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Neural Sequence Models for Mathematical Reasoning

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  • UserYuhuai(Tony) Wu, Stanford University & Google
  • ClockTuesday 14 June 2022, 16:00-17:00
  • HouseZoom.

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Advanced mathematical reasoning is unique in human intelligence, and it is a fundamental building block for many intellectual pursuits and scientific developments. In this talk, I will describe generic approaches to mathematical reasoning using neural sequence models. Unlike previous approaches with highly constrained action spaces, sequence models allow the prover to freely synthesize arbitrary proof steps, including the synthesis of conjectures, lemmas, and definitions. We created a tool that can help formal mathematicians prove theorems in Lean, and our model made contributions accepted by professional mathematicians, adding new proofs to the Lean Mathlib library. The aforementioned work highlights the power of modern sequence models for automated theorem proving. However, there are still major reasoning capabilities that are missing. First, for reasoning tasks such as theorem proving or program synthesis, one must be able to work with large and continuously changing theorem databases and code repositories. I introduced a new transformer architecture that can memorize the internal representations of past inputs, allowing the utilization of newly added facts or codes without the need for retraining. Second, reasoning is often the result of extended chains of thought, while current models mostly perform fast, intuitive pattern matching. I introduced a learning algorithm that enables models to generate explicit rationales when tackling challenging reasoning problems, by bootstrapping from a pre-trained large language model. I will conclude my talk with future research directions towards the goal of building a strong mathematical reasoning model.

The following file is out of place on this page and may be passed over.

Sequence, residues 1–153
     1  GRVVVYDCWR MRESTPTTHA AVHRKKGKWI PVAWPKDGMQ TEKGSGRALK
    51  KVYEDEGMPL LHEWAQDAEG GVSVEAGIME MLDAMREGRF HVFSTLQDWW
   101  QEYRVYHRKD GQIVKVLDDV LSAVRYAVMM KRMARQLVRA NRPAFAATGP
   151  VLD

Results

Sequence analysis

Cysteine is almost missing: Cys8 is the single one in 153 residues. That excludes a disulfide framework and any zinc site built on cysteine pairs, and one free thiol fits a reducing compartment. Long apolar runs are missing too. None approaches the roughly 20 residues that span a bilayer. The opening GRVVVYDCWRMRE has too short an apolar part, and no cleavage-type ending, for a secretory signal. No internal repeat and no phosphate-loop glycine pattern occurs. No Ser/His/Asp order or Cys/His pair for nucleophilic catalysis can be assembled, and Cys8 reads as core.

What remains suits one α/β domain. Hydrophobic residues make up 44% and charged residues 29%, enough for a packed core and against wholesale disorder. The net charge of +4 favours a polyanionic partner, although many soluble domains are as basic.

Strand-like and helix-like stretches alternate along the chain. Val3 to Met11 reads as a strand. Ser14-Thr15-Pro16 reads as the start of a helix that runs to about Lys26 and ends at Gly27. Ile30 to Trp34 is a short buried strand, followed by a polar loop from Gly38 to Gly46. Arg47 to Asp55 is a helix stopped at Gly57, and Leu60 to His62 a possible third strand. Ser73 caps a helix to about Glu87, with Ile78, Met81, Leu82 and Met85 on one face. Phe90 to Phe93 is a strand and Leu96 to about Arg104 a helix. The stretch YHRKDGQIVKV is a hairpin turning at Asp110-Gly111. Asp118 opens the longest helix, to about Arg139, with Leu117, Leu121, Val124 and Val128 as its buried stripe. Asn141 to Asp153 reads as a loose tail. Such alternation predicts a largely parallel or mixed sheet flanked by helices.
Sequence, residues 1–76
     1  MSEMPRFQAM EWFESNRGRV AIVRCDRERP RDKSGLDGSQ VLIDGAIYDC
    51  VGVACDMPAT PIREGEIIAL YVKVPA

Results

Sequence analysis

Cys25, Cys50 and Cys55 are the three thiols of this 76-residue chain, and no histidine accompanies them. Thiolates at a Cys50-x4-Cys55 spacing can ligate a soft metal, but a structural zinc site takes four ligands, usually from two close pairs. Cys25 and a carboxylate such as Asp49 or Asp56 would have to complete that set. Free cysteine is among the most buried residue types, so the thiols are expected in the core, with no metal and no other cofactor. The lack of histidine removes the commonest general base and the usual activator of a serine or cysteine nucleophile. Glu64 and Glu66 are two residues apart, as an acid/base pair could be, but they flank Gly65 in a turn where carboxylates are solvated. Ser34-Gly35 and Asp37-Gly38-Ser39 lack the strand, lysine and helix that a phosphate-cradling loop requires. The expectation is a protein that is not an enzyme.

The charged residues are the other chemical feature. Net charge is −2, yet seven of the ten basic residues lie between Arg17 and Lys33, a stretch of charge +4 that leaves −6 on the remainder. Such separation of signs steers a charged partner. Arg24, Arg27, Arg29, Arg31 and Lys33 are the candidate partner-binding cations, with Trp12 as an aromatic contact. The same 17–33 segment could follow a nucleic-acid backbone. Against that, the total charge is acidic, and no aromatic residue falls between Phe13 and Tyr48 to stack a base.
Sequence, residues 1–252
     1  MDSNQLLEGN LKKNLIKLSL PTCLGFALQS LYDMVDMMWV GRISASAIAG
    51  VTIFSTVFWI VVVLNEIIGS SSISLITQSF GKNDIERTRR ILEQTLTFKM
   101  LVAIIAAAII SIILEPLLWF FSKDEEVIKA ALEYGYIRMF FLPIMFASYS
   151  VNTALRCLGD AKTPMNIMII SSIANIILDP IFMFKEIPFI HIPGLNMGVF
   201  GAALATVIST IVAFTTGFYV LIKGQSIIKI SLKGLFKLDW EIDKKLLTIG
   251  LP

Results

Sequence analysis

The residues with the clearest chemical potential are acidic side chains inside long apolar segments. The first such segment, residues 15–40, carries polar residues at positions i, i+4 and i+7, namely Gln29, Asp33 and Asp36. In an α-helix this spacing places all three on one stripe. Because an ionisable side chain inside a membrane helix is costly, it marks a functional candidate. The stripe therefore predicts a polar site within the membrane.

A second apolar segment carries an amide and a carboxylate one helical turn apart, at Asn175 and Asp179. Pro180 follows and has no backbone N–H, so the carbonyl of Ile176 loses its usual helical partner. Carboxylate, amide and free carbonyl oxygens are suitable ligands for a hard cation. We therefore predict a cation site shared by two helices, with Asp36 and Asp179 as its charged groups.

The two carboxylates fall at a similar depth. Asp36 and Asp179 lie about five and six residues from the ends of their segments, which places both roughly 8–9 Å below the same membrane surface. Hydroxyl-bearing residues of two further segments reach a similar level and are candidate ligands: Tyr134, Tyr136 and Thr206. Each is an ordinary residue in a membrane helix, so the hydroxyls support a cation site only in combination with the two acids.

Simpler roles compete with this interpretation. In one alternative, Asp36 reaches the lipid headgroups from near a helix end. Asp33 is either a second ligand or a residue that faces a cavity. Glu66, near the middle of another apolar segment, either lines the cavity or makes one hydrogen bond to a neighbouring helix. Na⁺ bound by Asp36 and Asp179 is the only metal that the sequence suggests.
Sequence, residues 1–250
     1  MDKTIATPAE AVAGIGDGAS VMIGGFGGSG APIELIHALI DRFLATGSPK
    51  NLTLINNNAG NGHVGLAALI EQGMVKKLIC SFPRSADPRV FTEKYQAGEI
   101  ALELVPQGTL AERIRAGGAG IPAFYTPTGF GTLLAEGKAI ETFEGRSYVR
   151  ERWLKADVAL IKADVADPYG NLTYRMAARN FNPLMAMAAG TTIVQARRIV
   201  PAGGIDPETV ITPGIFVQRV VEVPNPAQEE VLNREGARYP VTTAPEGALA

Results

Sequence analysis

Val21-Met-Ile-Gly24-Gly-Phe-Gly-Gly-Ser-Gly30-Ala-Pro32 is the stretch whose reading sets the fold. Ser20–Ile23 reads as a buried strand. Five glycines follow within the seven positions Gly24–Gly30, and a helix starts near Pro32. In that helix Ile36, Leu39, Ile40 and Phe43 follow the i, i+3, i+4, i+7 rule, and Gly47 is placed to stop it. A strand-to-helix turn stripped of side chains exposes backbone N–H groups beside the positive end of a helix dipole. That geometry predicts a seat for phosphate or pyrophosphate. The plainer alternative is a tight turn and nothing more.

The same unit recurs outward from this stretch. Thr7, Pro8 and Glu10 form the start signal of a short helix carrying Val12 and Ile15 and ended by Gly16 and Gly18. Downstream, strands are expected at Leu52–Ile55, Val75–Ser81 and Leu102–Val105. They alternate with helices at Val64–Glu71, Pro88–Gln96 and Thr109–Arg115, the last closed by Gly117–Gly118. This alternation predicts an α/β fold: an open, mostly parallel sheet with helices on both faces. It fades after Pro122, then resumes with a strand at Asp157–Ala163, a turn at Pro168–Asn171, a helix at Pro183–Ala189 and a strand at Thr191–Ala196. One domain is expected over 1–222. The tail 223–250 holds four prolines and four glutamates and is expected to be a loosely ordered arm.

Bio:

Yuhuai Tony Wu is a Postdoctoral Scholar at Stanford University working with Percy Liang and Jay McClelland, and a Research Scientist at Google. His long-term research interest is to build a machine that can automate mathematics. Towards this goal, his current research focuses on building fundamental reasoning architectures as well as improving the reasoning capabilities of large language models. During his Ph.D at University of Toronto, he was awarded a Google PhD Fellowship.

This talk is part of the Artificial Intelligence Research Group Talks (Computer Laboratory) series.

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